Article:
Guilt, shame, and worry: they make you happy

Here’s an odd thing I learned from neuroscience yesterday: worry, shame, and guilt make us happy.

Guilt, pride, and shame activate your brain’s reward system: the dorsomedial prefrontal cortex, amygdala, insula, and the nucleus accumbens. Which is why it can feel so appealing to pile on the guilt and shame. If you’re anything at all like me, that’ll be a familiar activity for you. 

Backlit photo of a girl dancing on a beach at sunset

What are you grateful for today?

And as for worrying, well — in the short-term, it makes you feel like you’re at least doing something about your problems, even if it’s only a hefty dose of worrying.

In fact, worrying about something can help to calm your limbic system (you increase activity in the medial prefrontal cortex and decrease it in your amygdala). So if you’re feeling anxious and you’re unable to take any kind of practical action, do a little bit of worrying until you can.

Because it’s better than nothing and will help to relieve your anxiety.

You might be thinking I’ve gone bonkers, telling you to feel guilty and shameful and to worry about stuff.

Of course I haven’t (well, no more than usual) and of course I’m not suggesting you do those things because although they have odd effects in the short-term, they’re horrible long-term life-coping strategies, right?

Right.

So here’s one very simple thing you can do. It’s something I do every day: first thing in the morning and last thing at night.

Ask yourself one simple question:

What am I grateful for?

This isn’t some New Age woo-woo shit, either — it affects your brain at the biological level. This is absolutely true.

Gratitude boosts dopamine, which is a neurotransmitter that helps you feel happy.

Guess what else boosts dopamine? Wellbutrin (a well-known antidepressant). Prozac. And a whole bunch of other meds.

If only I’d known that a few years ago when I languishing on a cocktail of life-numbing drugs.

Don’t misunderstand me here: serious mental health issues sometimes require drugs. But I do think they’re overprescribed for depression, and I speak from a position of experience. I understand why; GPs have limited understanding and even more limited time. Patients demand instant solutions and a slip of prescription paper makes people feel better, like something is being done. And it means they don’t have to actually do anything themselves, and let me tell you, that’s attractive when you’re in the darkest place in the universe.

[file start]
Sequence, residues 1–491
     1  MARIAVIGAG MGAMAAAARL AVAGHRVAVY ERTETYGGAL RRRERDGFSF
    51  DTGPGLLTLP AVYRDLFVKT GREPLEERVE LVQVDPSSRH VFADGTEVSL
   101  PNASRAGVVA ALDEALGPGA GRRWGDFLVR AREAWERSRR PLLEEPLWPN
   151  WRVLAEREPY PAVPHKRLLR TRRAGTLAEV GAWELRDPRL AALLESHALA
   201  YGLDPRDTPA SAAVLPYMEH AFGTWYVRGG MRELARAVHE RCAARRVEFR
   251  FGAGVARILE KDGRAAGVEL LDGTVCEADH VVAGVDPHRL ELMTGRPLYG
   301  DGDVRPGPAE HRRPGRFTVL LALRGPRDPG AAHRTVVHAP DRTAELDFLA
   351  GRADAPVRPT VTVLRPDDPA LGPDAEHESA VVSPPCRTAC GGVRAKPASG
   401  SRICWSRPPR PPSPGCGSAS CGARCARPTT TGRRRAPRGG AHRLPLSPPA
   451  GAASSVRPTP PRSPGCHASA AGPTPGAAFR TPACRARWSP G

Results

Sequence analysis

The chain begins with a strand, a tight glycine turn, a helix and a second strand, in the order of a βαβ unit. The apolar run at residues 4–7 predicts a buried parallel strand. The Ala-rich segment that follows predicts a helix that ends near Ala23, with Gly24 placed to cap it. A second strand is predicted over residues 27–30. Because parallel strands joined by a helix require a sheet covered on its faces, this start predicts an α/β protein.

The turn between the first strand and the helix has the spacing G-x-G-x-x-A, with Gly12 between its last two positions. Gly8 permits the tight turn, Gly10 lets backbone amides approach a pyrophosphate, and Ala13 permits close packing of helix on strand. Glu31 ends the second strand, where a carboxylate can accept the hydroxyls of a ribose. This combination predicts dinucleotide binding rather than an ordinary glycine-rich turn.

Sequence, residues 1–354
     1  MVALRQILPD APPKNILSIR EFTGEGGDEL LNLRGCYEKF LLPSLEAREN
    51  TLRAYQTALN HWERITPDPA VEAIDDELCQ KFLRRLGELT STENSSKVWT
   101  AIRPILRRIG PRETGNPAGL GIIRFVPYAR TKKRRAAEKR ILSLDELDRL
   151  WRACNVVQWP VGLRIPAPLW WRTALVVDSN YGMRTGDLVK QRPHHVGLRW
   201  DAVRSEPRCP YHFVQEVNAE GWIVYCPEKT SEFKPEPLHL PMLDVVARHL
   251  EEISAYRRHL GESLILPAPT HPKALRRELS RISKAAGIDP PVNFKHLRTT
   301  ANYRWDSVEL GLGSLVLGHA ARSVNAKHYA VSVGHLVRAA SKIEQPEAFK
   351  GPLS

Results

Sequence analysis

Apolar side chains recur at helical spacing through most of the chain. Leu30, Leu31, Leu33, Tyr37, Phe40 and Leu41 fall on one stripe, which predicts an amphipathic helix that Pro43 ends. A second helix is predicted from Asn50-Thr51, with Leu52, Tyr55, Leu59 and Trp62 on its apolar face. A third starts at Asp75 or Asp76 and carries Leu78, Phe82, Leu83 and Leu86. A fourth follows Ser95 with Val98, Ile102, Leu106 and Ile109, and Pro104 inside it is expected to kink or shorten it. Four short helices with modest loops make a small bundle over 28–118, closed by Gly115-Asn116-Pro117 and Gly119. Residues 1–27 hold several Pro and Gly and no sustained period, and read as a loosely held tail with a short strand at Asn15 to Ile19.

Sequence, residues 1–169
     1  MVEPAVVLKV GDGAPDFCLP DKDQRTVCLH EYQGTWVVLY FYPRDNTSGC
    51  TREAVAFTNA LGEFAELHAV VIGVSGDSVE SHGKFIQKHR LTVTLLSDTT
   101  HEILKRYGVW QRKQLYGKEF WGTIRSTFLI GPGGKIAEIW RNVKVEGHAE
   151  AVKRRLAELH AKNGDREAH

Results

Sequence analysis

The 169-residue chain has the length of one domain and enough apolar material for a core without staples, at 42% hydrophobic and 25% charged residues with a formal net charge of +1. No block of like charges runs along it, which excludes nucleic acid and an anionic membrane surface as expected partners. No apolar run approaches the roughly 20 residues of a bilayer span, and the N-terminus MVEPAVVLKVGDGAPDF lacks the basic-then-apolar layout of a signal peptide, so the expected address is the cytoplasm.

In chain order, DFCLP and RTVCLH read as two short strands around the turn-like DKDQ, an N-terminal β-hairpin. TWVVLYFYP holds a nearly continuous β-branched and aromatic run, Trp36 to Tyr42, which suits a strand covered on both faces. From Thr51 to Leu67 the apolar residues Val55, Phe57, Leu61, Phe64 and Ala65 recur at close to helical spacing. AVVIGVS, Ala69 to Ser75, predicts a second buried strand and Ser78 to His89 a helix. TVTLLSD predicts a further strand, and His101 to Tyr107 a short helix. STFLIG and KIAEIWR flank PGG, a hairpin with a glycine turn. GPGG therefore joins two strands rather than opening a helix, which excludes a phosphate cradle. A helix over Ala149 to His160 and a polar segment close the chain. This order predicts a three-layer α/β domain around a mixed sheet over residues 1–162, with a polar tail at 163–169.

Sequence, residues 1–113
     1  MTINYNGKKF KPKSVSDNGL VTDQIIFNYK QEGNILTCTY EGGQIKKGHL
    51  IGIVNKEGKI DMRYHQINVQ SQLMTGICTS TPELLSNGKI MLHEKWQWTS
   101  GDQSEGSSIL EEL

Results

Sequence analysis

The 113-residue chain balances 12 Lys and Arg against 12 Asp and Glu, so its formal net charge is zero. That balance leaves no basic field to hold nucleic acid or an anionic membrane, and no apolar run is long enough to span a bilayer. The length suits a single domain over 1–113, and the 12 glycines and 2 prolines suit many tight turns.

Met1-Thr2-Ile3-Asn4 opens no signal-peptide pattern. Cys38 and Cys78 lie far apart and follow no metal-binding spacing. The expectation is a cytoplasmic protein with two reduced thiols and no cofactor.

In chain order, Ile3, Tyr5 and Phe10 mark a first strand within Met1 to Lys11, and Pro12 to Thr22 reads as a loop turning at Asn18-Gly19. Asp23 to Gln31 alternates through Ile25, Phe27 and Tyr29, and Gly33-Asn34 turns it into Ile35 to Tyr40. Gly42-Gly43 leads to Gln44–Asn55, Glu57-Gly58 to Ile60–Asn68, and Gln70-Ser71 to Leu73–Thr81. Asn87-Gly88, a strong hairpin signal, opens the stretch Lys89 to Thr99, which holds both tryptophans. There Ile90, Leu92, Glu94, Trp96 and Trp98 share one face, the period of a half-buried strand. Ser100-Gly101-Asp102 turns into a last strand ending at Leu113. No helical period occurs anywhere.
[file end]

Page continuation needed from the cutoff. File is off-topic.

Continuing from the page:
Anyway, I’m getting slightly off-topic. What I wanted to share with you was this amazing little secret. Let’s make it not-so-secret, shall we?

Tell everyone you know to practise gratitude. And to do it actively. And even if you’re thinking something like, “Well, what if there really isn’t anything to feel grateful about? What if someone’s life really has collapsed?”

It doesn’t matter. It’s not finding something to be grateful for that matters. It’s the searching that counts.

Remembering to be grateful is a form of emotional intelligence. The more you practise gratitude, the less effort it takes, and the happier you are. Plus, of course, if you express gratitude to the people around you, you’ll have happier relationships, too.

Too simple to be real? Too good to be true? Maybe, maybe not. But it’s got neuroscience behind it, and it certainly isn’t going to do you any harm.

So make gratitude a thing you do every day.

What are you grateful for today?

TTFN,

Vicky

Vicky Fraser is a copywriter, author, and entrepreneur. She really did run away with the circus… but when she’s not swinging from a trapeze, she’s showing other copywriters and small business owners how to work with better clients, make more money, and stop missing bathtimes, first words, and dinners with angry partners. In fact, she wrote the book on it. Get your copy here.

PS This is blog post number 1 in a little series I’ve put together on happiness. You’ll get posts 2, 3, and 4 later this week.

PPS Want some more great advice? Grab a copy of my book, Business For Superheroes here.  Accodring to Assumpta: I have read dozens of motivational books over the years but this one is different. It just tells you what works and what doesn’t, bits of it made me smile and other bits made me laugh out loud. I never write reviews but this book was worth the effort:) 

Try it out for yourself, here!

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